For the just a 1.2% higher interest rate p.a., we’ll need to pay $450 more a month in instalments,
Additionally, the true costs of borrowing lies in the interest payments, which amounts to $750 more a month.
This means we will need to pay $750 more a month just to own the very same $1 million property!
We suppose $750 can be very useful in our average day-to-day expenses.
Factor #5: Stock Market Windfalls
If you have been following the stock market, or an active investor yourself, especially on the tech sector, you may have seen unbelievable gains unheard of even during the Great Depression times!
Who ain’t smiling when Covid-19 made you the 2nd-richest in the world?
Those who hung on to stocks like Tesla and Zoom would have experienced astronomical gains in their portfolio value, like this $TSLA-naire guy who has been a diehard fan of Tesla for a long time.
Then you have gutsy people like these who stretch their loans extensively to “Go-Big-Or-Go-Home”.
Now you may be taking a step back…
“Why invest in properties when I can do way better in stocks?”
We are no experts in the stock market, but over there, there isn’t as many regulations as we have in our local property market.
While stocks have the potential shoot towards the stratosphere, they also have the potential to go other way, crashing back to penny stocks level if market sentiments go in the opposite directions.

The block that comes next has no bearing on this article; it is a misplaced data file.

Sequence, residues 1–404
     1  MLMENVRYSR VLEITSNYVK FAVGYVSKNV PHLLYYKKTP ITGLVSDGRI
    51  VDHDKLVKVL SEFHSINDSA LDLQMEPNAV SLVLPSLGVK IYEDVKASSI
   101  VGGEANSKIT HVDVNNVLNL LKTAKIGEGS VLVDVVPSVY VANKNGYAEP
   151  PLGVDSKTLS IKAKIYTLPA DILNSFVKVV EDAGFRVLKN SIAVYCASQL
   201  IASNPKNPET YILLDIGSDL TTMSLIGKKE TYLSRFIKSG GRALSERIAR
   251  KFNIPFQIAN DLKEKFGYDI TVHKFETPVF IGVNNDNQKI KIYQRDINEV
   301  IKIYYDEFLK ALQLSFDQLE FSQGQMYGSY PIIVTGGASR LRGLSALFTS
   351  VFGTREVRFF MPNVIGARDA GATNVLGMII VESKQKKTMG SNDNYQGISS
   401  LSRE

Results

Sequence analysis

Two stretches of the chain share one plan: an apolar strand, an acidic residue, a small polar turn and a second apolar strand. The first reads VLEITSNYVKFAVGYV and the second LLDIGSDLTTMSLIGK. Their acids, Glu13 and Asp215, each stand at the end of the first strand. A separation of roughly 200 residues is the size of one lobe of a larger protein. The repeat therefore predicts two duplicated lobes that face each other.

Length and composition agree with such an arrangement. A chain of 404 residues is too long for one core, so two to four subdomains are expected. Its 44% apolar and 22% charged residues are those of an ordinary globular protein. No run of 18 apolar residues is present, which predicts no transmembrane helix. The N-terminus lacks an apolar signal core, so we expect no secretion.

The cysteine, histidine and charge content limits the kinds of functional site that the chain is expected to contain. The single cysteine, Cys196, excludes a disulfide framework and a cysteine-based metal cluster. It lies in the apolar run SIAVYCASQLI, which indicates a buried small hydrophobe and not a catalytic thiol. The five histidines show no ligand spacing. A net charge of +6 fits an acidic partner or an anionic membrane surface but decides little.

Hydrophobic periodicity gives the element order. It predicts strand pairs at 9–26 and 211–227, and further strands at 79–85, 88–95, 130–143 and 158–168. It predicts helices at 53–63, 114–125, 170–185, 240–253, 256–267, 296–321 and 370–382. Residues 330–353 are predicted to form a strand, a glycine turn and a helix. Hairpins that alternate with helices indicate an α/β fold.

On the other hand, in the Singapore property market, it is unlikely that we will see prices crash drastically, especially now that we have seen how the Singapore Government handled the situation during our worst-ever recession.
In addition, the high leverage made possible by 25% downpayment scheme, along with high market stability, makes it a perennial favourite of many people in and outside of Singapore.
After all, how many people will have the guts to invest hundreds of thousands of dollars towards the stock market for a mid-term outlook?
At the same time, will more choose to park their a large chunk of their savings in a local residential property or the stock market?
As such, this might have explained how our real estate market is still seeing an influx of New Launch buyers during recent times, as successful stock market investors are possibly looking to park their tremendous stock gains in properties as a safe heaven, amidst concerns of an overly -inflated “tech-stocks bubble”.
In this Covid-19 crisis, we have seen the effects of:
- Cooling Measures
- Government Relief
- Developers’ Sensitive Pricing
- Low Interest Rates
- Well-Funded Investors
With all these factors stabilizing the market even during an economic crisis that effectively shut down many of our industries for a few months, it is hard to imagine something worse that can happen to actually trigger an even greater collapse in property prices.
Shrewd investors would be able recognize opportunities in times of crisis and act with logical thinking, instead of just following the crowd sentiment.
After all, the most well-known investor in the world always preaches…
However, this does not mean any property in the market is suitable to park your hard-earned money in.
The Singapore real estate market is not the same as it was previously before all the major cooling measures kicked in.
There are many properties out there, new or old, but not all are suitable for your actual needs in the long run.
Before acting on the information provided in this article, it is always best to engage and seek the opinion of a trusted and well-researched professional, as well as performing your own fair share of due diligence!